Register Forgot login?

© 2002-2022
Encyclopaedia Metallum

Best viewed
without Internet Explorer,
in 1280 x 960 resolution
or higher.

Privacy Policy

Bitter is the wailing of the sheep, even now the memories are dis - 90%

Slater922, June 21st, 2022
Written based on this version: 1998, CD, Earache Records

When David Vincent left Morbid Angel in 1996, the future of the band seemed shaky. David had been in the band since the release of "Thy Kingdom Come" in 1987, and was a vital member in the last four albums. What will the band do without him? Well, in 1997, Steve Tucker joined the band as the new vocalist, and the year after, they released a new album titled "Formulas Fatal to the Flesh". That's good and all, but how does this album stack up to the previous releases? And is it any good, even without Vincent's vocals?

To find that out, we'd have to check out the instrumentals first. The opening track "Heaving Earth" does seem like it's gonna continue right where Domination left off. The guitar still continue to play some technical riffs, though its composition is a lot more intense than on the last album. It's the same thing with the drums, as its blastbeats are more chaotic and extreme, and the beatings have a lot more power in them compared to the last record. Even the bass is fantastic, as its bass play follows the guitar riffs well and maintains a good foundation in the track. The overall atmosphere in this track is more intense and crazed than on the last album, and it works well on this first track. Other amazing instrumentals include "Prayer of Hatred", "Nothing is Not", and especially the nine minute epic "Invocation of the Continual One". That track in particular is nothing but technical and intense OSDM riffs that make you feel a bit spaced out. And that's not even counting those ambient tracks in the last portion of the album, which sound dark and ritualistic, fitting to the metal track's atmosphere. Instrumental-wise, it's still very good, as the guitar riffs and blastbeats and intensified to play some crazy moments.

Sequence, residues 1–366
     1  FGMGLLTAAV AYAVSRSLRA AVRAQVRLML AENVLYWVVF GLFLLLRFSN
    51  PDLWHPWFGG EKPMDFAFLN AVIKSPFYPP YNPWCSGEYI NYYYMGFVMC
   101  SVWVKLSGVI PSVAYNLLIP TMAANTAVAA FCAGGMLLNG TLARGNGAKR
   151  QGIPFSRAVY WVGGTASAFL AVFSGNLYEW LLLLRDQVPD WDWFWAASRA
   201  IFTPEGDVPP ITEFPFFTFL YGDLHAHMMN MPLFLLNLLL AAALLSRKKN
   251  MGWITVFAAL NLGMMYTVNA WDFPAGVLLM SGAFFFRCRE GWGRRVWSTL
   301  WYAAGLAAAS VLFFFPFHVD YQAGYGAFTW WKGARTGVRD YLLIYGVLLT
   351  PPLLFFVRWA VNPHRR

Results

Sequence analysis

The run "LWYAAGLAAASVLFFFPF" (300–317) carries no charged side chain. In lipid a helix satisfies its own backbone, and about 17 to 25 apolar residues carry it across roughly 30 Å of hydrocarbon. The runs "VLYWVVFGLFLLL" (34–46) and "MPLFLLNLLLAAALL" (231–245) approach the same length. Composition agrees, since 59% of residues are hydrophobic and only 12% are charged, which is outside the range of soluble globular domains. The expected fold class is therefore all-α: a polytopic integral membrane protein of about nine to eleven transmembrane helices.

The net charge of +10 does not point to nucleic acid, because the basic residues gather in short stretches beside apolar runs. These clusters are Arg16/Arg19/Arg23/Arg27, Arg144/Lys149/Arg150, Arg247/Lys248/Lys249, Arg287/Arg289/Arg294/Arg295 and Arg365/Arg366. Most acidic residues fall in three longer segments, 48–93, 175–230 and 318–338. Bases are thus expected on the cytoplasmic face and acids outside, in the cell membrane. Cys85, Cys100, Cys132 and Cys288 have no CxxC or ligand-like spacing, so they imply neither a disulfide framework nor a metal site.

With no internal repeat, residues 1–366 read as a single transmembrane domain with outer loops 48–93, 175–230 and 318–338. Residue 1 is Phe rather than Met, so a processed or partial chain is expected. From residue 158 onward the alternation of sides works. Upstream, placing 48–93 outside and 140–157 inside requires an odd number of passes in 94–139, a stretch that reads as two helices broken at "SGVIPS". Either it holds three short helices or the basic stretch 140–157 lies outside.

But then we get to the instrumentals. With Steve Tucker leading the vocals, he does a decent job overall, but far from being on Vincent's level. To see what I mean, let's check out the track "Umulamahri". Steve goes for some similar growls, but he also incorporates some high-pitched demonic vocals as well. I guess he was going for more of a Deicide-influenced vocal performance, which does work in tracks like "Heaving Earth". In this track, however, the demonic vocals sounds more distorted and weird, which doesn't make the instrumentals any more intense. Not only that, but there are a couple of moments where Steve's vocals feel weaker and don't impact the instrumentals as much. Steve's vocals aren't terrible per say, and in some tracks, they're really good. However, in other tracks, they don't feel as good.

Regardless of some occasional weak vocal performances, this album is still a beast overall. The guitar riffs are faster and more intense than before, the drumming beats crazy and sound maddening, and the ambient tracks on here are also not so bad either. It might not be the band's best album, but for an introduction to a new vocalist, I think this album is a fantastic start.